sell you anything. We can consolidate at a low interest rate to provide education and opportunity.” Spencer Bennett, financial advisor, Edward Jones, says a key part of financial planning comes down to the “planning” part of the equation. “One of the most common mistakes is that people often don’t have a plan,” he says. “If they do, it may not be including some important factors, like inflation, extra expenses, etc. Many people also think their work group plan is enough to retire on. This is seldom the case. Setting up a monthly contribution and sticking to it can go a long ways. I would recommend seeking the advice of a financial advisor to make sure you have a properly prepared and regularly reviewed plan. It is also important to make sure you are taking appropriate risks. Don’t be shy to ask how much your advisor is charging you, and what your returns are. The value your advisor provides should be greater than the fees they charge.” He also puts aside the one-size-fits-all approach in favour of tailored plans for each individual, especially when it comes to risk, and he encourages his clients to keep an open mind about the best path to their goals. His key points for consumers are:

“Where appropriate, life insurance (including permanent solutions, such as whole life) can provide a great solution for estate planning. Life insurance usually pays out tax free, and can be a great way to provide for the needs of the surviving family members. Edward Jones, its employees and financial advisors are not estate planners and cannot provide tax or legal advice. Please consult a qualified tax specialist or lawyer for professional advice regarding your specific situation.” Bennett summarizes, “Meet with an advisor who takes time to learn what’s important to you and your family; that helps create a personalized financial strategy to help you reach your goals.”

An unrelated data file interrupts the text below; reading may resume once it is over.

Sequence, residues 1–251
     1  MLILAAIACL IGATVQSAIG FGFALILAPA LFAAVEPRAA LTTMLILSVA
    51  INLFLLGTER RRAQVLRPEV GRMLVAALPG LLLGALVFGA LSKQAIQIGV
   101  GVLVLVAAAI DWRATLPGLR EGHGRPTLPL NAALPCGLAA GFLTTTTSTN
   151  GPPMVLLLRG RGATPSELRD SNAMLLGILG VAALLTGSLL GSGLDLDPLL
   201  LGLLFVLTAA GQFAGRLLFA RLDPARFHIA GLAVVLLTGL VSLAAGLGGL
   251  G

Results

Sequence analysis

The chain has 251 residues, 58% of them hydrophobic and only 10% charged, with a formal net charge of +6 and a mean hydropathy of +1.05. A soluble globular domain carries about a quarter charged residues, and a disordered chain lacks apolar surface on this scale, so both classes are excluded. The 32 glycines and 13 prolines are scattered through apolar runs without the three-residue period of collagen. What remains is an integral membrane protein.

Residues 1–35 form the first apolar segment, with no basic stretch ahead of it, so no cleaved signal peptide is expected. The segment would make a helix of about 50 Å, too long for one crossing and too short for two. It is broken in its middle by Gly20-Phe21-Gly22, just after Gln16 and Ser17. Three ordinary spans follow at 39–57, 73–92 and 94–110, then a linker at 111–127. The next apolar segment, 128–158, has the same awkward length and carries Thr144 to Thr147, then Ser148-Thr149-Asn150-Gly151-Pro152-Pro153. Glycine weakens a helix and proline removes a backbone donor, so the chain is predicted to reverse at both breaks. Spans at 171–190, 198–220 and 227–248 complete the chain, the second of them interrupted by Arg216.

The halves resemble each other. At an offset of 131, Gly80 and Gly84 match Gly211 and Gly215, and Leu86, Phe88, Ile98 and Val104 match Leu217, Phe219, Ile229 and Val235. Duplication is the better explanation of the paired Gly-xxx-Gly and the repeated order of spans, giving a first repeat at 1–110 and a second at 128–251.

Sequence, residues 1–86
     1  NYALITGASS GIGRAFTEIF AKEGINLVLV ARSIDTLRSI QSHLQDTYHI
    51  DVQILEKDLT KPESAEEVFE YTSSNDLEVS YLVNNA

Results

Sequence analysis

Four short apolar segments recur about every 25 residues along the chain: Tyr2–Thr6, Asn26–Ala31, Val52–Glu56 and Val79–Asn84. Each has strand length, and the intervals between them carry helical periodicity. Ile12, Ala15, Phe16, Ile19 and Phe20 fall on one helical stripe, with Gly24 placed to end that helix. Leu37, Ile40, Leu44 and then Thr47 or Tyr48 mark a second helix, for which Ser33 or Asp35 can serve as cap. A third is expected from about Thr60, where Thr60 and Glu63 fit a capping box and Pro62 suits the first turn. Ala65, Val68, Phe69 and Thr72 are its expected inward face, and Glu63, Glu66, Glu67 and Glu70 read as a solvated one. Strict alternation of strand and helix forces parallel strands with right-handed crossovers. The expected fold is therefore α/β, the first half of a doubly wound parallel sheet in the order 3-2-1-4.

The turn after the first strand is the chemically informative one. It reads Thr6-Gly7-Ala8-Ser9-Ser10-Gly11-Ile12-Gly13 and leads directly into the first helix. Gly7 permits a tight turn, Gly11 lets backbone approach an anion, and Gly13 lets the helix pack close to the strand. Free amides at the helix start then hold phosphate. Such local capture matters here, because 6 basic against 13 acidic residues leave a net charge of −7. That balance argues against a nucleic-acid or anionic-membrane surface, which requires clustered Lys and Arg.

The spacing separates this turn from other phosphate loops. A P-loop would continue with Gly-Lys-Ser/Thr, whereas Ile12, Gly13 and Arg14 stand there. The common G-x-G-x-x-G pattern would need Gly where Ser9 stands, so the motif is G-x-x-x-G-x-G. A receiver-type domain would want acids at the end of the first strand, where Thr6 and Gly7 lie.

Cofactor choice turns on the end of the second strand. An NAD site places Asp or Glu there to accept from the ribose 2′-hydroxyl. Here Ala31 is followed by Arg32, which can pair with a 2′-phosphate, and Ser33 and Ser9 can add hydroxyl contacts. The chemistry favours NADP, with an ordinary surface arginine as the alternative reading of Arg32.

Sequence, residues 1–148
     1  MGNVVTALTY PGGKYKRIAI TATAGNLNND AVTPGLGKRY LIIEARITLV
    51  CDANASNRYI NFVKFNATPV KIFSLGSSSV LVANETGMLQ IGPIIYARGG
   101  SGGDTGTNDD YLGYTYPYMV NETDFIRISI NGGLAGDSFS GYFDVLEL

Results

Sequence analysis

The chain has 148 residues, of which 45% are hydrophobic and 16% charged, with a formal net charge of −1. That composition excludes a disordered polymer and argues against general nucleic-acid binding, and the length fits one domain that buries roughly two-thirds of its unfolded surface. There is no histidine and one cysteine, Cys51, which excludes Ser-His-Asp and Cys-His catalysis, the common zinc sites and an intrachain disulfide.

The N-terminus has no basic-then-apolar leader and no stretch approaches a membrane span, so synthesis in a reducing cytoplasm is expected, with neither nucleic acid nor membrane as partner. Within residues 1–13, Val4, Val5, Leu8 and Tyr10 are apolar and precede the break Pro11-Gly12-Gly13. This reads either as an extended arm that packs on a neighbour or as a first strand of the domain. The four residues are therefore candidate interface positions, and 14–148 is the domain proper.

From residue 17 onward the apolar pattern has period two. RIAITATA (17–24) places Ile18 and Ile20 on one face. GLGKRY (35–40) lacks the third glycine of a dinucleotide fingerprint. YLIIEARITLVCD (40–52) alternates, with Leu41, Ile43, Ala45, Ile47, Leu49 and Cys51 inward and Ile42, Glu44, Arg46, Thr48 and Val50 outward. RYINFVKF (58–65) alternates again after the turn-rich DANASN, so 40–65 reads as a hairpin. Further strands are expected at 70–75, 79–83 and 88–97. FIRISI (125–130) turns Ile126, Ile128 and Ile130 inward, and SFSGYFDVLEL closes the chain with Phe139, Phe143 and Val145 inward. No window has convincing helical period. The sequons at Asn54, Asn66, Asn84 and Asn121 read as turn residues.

“ONE OF THE MOST COMMON MISTAKES IS THAT PEOPLE OFTEN DON’T HAVE A PLAN,” HE SAYS. “IF THEY DO, IT MAY NOT BE INCLUDING SOME IMPORTANT FACTORS, LIKE INFLATION, EXTRA EXPENSES, ETC.” ~ SPENCER BENNETT

ABOVE: SPENCER BENNETT, ADVISOR, EDWARDS JONES.

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NEW WAYS TO THINK ABOUT YOUR FINANCIAL FUTURE // RRSP, TFSA & TAX PLANNING

“A FINANCIAL PLAN IS A LIVING DOCUMENT THAT PROVIDES AN INVESTOR WITH CONFIDENCE AND PEACE OF MIND THAT THEY ARE ON THE RIGHT TRACK TO ACHIEVE THEIR GOALS.” ~ CHRIS TURCHANSKY

reality is that everyone’s situation is unique, and so is what they are saving for. The advice that clients receive should be tailored to their situations.” He continues, “The complexity in the investment world continues to increase, resulting in a number of people who are putting off getting started. Individuals should focus on finding an advisor or company they trust and looking for smart, simple, and helpful solutions that minimize the complexity of investing. As clients pass through their 20s into their 30s and 40s, it is important to continue to make sure their investment solutions are aligned to their time horizon. Although the end product is important, creating a plan, having a diversified portfolio that matches the risk an investor is comfortable with, and controlling costs are key. “A financial plan is a living document that provides an investor with confidence and peace of mind that they are on the right track to achieve their goals.” Chris Turchansky, president, ATB Investor Services, agrees. “It all starts with an advisor who will take the time to understand a client at a very deep level and develop a plan and solutions that fit the situation,” says Turchansky. “Rules of thumb, like ‘save $1 million for retirement,’ help to reduce complexity and can be a guide; however, the

What’s the best way to think about your financial future? The way that makes the most sense for you, be it travelling the world during retirement or downsizing to a cozy cottage, putting the kids through school or buying rental property, paying off debt or buying a house – it’s your money, it’s your plan, and the right financial advisors will help you achieve the goals that mean the most to you.